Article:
“The lifespan for the patient will be reduced,” says Dr. Massoud Mohamed, a dialysis technician. He is standing next to a woman hooked up to a dialysis machine, who sits in resigned silence, with a forlorn look on her face. “I have to speak in English because if the patient hears, this is a problem and will have a psychological effect on her,” he says.
The hospital is lacking the tubes that connect to the machines, which must be replaced for every patient. Because of the chaos, it no longer has access to the German supplier; instead, the hospital is forced to borrow tubes from facilities in the neighboring city of Marj. Patients are often told to buy their own medical supplies.
Mohamed’s own baby niece died because of the tube shortage. She was born with jaundice and needed a blood transfusion to save her life. They got the blood but they couldn’t find the right tube for the transfusion. His brother looked in vain in nearby cities. “He traveled nearly half of Libya searching for it,” Mohamed says. The girl died before they could name her.
“People have to stop fighting so things can get better, especially for the patients. I don’t know what they are thinking,” he says. “They are destroying the whole country.”
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Though the battle for Tripoli ended months ago, the capital does not feel secure. At night the streets are largely deserted and controlled by masked gunmen at makeshift checkpoints. Journalists and civil society activists have fled. Kidnappings are increasingly common and assassinations are on the rise. Intissar al-Hasseri, an activist who had taken part in protests against militants, was found stuffed in the trunk of a car last month, shot dead along with her aunt.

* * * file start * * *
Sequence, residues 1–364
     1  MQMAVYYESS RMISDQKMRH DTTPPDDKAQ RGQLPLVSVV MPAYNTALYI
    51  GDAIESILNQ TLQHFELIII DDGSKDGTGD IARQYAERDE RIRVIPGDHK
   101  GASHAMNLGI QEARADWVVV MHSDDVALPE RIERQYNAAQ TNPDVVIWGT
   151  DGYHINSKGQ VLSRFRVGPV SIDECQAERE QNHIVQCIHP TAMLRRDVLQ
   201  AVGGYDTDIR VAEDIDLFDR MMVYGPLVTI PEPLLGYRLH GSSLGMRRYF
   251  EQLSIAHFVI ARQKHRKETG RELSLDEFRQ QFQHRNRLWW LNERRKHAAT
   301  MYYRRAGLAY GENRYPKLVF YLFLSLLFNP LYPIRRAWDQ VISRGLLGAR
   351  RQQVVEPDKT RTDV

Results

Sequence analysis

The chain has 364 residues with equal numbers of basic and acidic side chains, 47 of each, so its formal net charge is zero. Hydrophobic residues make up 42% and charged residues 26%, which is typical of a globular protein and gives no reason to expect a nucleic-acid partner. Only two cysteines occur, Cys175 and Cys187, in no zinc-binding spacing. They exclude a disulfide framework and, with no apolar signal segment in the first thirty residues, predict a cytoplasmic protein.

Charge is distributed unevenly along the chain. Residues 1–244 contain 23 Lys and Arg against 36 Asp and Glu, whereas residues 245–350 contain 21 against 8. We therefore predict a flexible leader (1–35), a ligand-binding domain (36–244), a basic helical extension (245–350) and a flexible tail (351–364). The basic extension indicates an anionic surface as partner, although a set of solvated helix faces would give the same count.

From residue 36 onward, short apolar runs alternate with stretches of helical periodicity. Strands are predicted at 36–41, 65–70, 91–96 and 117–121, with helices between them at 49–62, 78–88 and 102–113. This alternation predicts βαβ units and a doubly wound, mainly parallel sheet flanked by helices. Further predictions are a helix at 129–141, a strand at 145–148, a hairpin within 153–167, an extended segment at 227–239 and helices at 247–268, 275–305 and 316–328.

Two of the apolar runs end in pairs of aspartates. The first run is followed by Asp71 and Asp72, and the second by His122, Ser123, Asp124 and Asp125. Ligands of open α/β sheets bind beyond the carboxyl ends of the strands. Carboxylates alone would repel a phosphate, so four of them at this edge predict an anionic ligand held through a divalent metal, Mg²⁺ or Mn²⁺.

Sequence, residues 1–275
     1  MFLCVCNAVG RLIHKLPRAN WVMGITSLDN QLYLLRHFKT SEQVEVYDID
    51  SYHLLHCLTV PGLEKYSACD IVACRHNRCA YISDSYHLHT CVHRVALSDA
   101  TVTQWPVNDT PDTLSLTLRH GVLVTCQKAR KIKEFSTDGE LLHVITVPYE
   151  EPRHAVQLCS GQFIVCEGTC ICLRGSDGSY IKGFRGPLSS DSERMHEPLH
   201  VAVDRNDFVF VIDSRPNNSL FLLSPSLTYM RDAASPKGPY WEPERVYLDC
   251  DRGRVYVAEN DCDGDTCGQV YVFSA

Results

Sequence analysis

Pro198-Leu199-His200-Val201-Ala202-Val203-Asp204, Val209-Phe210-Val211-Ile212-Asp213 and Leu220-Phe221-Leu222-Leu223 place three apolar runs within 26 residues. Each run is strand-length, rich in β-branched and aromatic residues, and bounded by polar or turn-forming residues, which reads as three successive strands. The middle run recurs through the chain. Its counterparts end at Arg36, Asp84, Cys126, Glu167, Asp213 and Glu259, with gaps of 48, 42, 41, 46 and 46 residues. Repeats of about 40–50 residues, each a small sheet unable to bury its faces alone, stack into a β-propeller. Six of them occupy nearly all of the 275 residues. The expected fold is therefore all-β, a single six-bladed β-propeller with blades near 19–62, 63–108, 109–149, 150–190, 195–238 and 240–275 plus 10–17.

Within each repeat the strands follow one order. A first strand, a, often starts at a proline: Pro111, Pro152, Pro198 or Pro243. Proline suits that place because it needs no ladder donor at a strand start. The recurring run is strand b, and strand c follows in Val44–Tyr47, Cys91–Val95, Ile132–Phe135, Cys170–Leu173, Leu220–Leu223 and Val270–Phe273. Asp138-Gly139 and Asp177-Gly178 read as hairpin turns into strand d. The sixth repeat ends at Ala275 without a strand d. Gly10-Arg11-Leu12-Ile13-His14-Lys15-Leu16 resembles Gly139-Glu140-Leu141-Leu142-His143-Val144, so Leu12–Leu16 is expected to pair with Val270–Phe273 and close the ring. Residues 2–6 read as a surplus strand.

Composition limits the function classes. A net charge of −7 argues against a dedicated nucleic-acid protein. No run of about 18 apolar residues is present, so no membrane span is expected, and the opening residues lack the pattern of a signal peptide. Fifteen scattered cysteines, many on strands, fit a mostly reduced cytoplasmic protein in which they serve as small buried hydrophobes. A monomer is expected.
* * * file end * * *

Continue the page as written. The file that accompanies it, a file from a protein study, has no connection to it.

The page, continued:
Meanwhile, extremist groups—including the Libyan affiliate of the Islamic State—have staged bold attacks on hotels and embassies. Last month, Italy closed its embassy and repatriated its staff, the last Western power to do so.
At Tripoli’s international airport, twisted metal beams and the charred shell of a building are all that remain. Sunlight pours in through the missing roof of what used to be the main arrival and departure hall. The tarmac has been transformed into an airplane graveyard, with the crumpled fuselages and skeletal remains of bombed-out planes scattered awkwardly on the runway. Nearby trenches and sand embankments are littered with bullet casings and spent artillery shells. Destroyed in a weeks-long battle between rival militias last summer, the airport now stands as a symbol of the conflict that is destroying the entire country.